Aggravated sexual abuse is one of several felony sex crimes defined in New York law. The charge has four varieties ranging from first degree to fourth degree. First degree is the most serious, while fourth degree is the least serious. It’s important to note, though, that even fourth degree aggravated sexual abuse is still a felony.
Second degree aggravated sexual abuse is the second most serious offense. It’s a grave charge to have leveled against you. For this crime to have been committed, the defendant must have caused another person physical injury when forcibly inserting a finger into the anus, rectum, penis, urethra, or vagina. Second degree charges also apply in cases where the other person had been rendered physically helpless. In addition, you can be charged with second degree aggravated sexual abuse if the victim was under the age of 11.
This crime is a class C felony. Convictions carry a maximum prison sentence of 15 years. There are other consequences as well, ranging from probation to registry on the official sex offender list. If you’ve been arrested for second degree aggravated sexual abuse, you need to get in contact with a defense lawyer immediately. A defense attorney can review the case facts and explain your options. They will help you make the best decision going forward and provide the best defense possible.
The Definition of Aggravated Sexual Abuse in the Second Degree
There is a distinct legal difference between rape and aggravated sexual abuse under New York law. Rape involves sexual intercourse, but sexual abuse involves a foreign object.
To convict someone of second degree aggravated sexual abuse, there are certain elements the prosecutor must prove. They must prove that the defendant nonconsensually inserted their finger into the anus, rectum, penis, urethra, or vagina of another person. For a first degree charge, the inserted item would need to be a foreign object. New York penal law does not offer a specific definition of “foreign object,” but in cases in the past, pencils, sticks, and bottles have all been ruled “foreign objects.”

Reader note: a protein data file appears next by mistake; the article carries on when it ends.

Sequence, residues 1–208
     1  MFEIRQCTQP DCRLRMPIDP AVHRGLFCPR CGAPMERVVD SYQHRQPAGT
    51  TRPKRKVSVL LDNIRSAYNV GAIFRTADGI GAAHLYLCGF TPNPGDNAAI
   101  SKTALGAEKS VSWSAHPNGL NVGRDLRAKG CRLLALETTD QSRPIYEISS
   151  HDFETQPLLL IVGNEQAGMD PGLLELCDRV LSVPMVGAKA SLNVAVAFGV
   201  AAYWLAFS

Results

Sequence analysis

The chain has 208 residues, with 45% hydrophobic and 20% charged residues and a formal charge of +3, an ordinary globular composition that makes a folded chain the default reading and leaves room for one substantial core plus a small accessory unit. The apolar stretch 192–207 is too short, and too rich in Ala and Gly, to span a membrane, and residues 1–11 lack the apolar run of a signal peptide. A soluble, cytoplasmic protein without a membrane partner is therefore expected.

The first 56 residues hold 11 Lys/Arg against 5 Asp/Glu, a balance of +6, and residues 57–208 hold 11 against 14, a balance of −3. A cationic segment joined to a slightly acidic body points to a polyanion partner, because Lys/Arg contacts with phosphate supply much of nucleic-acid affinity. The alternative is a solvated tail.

Proving Lack of Consent
The statute outlines three ways in which it’s possible to demonstrate a lack of consent.
The first is force. If physical force was exerted for the act to take place, then the other party did not consent. Physical force isn’t the only display of force that counts, though. If you verbally threatened the victim with harm, or you threatened them with a weapon, they did not consent. If you forcibly compelled the victim through threats to their family or themselves, they did not consent.
The second way is physical helplessness. If the act is committed while the other party is unconscious or otherwise physically helpless, you haven’t obtained consent. You don’t need to be the cause of the helplessness. For example, if someone at a party drinks too much and passes out, and you commit sexual acts on them, you have still committed a crime.
The third way is through the victim’s age. If the victim was less than 11 years old, you have committed aggravated sexual abuse. The circumstances don’t matter. Even if you didn’t use force, or they seemed to consent, they were legally too young to consent to sexual activity.
Second degree aggravated sexual abuse is a complex, serious crime. The exact legal circumstances vary widely from case to case. There are certain defenses that can be employed.
One defense is to prove the other party consented. This will not be possible with physically helpless victims or victims under the age of 11, as they are not able to consent.
Another defense is if the act was performed as a medical necessity. You will need to prove there was a medical emergency. If the situation was not an emergency, you are still guilty of violating another person without their consent.
The state statute of limitations can also protect people from prosecution if the crime was committed a certain period of time ago.